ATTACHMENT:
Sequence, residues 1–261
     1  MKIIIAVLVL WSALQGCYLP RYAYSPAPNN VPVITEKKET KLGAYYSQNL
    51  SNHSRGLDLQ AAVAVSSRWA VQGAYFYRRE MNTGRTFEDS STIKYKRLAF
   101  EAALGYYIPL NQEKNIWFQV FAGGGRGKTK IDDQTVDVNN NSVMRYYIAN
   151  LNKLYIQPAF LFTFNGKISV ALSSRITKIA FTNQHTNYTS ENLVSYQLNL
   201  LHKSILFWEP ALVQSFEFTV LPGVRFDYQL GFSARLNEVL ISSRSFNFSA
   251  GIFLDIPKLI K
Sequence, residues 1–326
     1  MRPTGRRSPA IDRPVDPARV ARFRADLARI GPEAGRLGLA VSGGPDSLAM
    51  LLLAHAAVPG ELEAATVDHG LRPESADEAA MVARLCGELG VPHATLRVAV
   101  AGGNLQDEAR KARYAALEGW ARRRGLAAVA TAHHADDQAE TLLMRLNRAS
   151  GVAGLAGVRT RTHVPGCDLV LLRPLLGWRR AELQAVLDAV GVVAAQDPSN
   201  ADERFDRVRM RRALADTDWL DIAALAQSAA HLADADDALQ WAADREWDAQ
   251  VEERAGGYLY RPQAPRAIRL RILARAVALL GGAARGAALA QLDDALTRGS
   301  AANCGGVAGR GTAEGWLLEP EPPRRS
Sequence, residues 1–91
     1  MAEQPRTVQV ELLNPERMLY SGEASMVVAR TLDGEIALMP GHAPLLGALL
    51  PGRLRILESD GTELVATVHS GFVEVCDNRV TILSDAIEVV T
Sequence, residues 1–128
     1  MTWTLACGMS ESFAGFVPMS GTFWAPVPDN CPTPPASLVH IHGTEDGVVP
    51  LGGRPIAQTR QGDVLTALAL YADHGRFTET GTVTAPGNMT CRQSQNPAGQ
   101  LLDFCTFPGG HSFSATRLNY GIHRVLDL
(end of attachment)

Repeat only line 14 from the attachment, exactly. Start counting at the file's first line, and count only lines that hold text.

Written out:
   251  VEERAGGYLY RPQAPRAIRL RILARAVALL GGAARGAALA QLDDALTRGS